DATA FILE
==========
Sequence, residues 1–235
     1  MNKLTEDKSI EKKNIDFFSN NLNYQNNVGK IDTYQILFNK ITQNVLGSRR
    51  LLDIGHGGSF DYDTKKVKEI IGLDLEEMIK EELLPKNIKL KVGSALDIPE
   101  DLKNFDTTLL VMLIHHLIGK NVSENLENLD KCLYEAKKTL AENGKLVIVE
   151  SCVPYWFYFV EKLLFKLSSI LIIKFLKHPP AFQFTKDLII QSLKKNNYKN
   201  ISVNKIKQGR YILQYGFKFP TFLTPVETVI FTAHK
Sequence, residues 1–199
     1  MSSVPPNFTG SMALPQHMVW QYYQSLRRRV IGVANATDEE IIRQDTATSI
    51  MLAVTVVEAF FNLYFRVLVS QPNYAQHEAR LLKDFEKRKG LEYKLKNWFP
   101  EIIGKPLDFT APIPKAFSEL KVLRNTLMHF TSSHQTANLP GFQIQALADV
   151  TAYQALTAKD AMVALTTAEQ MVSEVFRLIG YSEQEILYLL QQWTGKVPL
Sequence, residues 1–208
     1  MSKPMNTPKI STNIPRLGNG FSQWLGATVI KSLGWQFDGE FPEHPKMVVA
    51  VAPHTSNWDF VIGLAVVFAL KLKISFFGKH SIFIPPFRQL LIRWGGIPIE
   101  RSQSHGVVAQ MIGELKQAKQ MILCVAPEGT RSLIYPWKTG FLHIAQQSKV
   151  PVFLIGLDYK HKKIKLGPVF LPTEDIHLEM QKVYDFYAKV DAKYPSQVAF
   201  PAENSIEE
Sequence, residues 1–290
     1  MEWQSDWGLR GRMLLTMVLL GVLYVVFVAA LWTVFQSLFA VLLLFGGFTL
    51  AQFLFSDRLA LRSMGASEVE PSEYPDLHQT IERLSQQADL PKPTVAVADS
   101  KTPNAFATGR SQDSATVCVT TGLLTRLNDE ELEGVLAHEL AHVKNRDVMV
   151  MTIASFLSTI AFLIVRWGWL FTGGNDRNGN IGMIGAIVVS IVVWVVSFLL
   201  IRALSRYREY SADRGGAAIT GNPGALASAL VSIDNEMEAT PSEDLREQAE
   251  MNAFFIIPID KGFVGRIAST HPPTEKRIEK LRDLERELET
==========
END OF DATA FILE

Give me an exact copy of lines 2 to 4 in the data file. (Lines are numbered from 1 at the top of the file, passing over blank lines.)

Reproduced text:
     1  MNKLTEDKSI EKKNIDFFSN NLNYQNNVGK IDTYQILFNK ITQNVLGSRR
    51  LLDIGHGGSF DYDTKKVKEI IGLDLEEMIK EELLPKNIKL KVGSALDIPE
   101  DLKNFDTTLL VMLIHHLIGK NVSENLENLD KCLYEAKKTL AENGKLVIVE